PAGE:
> Back to the creation of human beings. Granted, for the sake of argument,
> that the potential for human beings was present at time zero, would it not be
> consistent with the biblical picture of God's creative activity that God's
> word was needed to initiate the process of human development, to actualize
> what was only a potential?
By "the biblical picture" I presume that you mean the Genesis 1 creation
narrative, rather than any of the other biblical portraits of God's creative
activity (portraying God as tentmaker, artisan, builder, sovereign king,
holder of wisdom/discernment/knowledge, etc.)
> I think I have read elsewhere that you do not give much weight to the Genesis
> account of creation. Am I right in that?
I presume that you did not intend to suggest that I count the early chapters
of Genesis as lightweight fluff. Nonetheless, that's the impression this
The fact is that I give the biblical creation narratives a great deal of
weight, not as cryptic chronicles of what-happened-and-when in the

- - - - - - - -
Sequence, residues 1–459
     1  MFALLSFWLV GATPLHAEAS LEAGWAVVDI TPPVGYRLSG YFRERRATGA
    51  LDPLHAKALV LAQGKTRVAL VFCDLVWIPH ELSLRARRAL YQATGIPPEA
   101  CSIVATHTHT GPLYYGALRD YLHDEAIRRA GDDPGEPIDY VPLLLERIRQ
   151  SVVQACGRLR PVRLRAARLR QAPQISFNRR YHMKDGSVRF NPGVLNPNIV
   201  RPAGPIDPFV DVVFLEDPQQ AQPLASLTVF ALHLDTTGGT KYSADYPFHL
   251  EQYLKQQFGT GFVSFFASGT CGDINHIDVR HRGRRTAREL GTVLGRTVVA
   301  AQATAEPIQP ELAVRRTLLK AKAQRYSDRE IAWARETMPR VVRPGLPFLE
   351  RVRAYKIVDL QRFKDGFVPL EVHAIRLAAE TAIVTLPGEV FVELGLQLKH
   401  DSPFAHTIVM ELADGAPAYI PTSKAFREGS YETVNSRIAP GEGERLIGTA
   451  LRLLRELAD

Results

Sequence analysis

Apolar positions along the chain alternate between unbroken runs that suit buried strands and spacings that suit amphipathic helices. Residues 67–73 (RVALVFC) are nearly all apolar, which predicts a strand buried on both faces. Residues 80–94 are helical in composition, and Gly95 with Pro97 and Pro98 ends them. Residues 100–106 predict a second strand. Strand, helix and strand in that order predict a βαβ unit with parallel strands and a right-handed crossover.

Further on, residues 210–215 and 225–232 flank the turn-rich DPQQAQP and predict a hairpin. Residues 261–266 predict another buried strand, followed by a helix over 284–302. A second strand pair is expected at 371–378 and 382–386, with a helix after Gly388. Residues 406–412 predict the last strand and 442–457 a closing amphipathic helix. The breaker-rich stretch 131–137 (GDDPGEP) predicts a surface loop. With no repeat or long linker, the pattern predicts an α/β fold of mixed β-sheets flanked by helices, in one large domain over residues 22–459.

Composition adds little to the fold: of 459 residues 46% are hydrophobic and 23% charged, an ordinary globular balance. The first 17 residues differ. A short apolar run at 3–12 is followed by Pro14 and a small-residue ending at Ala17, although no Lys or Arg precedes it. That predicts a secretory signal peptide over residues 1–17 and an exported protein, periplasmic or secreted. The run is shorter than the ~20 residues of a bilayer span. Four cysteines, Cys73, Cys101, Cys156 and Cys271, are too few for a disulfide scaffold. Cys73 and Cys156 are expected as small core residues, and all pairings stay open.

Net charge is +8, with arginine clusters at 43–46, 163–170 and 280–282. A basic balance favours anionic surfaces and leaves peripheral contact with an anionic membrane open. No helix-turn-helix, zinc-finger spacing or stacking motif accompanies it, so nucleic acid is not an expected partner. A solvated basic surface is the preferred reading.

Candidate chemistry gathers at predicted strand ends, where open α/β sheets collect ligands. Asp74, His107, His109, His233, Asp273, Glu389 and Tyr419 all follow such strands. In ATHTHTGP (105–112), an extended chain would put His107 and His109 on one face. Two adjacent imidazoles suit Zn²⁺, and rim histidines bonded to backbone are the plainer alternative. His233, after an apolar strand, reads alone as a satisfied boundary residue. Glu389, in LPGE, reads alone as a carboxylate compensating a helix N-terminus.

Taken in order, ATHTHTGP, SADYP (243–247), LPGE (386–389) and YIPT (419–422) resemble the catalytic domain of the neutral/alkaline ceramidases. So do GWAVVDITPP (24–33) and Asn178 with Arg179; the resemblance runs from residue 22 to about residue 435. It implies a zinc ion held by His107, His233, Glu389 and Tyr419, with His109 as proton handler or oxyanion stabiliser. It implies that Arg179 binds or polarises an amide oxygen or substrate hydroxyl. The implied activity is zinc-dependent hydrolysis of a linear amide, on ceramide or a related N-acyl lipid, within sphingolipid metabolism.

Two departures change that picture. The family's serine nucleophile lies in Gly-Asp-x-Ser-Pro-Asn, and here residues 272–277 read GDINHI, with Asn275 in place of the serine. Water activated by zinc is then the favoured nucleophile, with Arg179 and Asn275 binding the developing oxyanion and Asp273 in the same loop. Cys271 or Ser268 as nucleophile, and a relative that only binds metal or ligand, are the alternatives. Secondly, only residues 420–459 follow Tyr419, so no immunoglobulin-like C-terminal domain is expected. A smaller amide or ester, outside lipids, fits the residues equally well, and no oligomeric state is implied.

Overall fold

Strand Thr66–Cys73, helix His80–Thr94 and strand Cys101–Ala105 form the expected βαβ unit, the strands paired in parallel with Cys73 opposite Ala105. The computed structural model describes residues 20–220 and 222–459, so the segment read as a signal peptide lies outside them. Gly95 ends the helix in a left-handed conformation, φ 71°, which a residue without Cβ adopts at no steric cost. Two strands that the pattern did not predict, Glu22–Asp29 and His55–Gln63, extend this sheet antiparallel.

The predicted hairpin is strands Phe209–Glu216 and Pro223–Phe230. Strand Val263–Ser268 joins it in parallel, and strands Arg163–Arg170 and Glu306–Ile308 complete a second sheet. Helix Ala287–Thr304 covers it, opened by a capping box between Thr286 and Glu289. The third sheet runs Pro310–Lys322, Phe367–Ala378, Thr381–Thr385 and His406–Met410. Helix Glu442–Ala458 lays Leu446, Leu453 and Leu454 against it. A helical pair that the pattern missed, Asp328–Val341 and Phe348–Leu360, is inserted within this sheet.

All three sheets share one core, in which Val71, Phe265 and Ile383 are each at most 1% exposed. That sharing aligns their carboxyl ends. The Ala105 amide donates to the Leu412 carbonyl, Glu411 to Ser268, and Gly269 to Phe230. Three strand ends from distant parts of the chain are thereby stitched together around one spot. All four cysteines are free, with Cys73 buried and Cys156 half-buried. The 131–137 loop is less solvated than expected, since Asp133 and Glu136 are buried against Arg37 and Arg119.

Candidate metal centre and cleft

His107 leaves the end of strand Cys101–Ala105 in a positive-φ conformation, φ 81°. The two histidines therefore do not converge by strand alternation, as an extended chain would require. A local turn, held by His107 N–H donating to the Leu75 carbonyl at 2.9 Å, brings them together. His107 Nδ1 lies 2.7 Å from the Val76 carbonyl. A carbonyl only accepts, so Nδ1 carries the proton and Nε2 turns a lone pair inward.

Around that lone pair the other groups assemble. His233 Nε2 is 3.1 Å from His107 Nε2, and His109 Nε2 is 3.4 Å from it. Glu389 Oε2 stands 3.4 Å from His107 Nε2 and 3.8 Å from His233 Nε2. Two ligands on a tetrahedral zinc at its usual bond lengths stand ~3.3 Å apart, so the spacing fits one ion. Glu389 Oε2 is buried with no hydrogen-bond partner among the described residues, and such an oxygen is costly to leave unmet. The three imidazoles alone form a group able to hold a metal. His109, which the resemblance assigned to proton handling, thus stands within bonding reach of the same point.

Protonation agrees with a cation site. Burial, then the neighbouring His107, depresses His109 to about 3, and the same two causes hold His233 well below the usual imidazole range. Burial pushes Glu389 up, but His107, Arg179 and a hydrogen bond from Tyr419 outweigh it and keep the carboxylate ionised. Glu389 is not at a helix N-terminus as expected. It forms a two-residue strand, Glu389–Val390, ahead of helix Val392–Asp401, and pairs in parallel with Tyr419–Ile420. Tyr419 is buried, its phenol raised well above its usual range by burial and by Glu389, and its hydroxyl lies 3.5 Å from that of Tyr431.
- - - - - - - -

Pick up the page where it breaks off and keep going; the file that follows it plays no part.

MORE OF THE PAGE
Creation's formational history, but as confessions that God is the One and
Only Creator that has given being to the entire universe; that nothing
visible on/in/above the earth is a god to be feared/placated; that we are
creatures privileged to have the capacity for self-awareness and
God-awareness; that we are accountable for what we do and say.............
The list goes on.
So, contrary to the "not much weight" characterization noted above, it is my
intention to give to these narratives far more theological weight than they
would have as little more than primitive answers to our modern scientific
curiosity about timetables and mechanisms.
Howard Van Till
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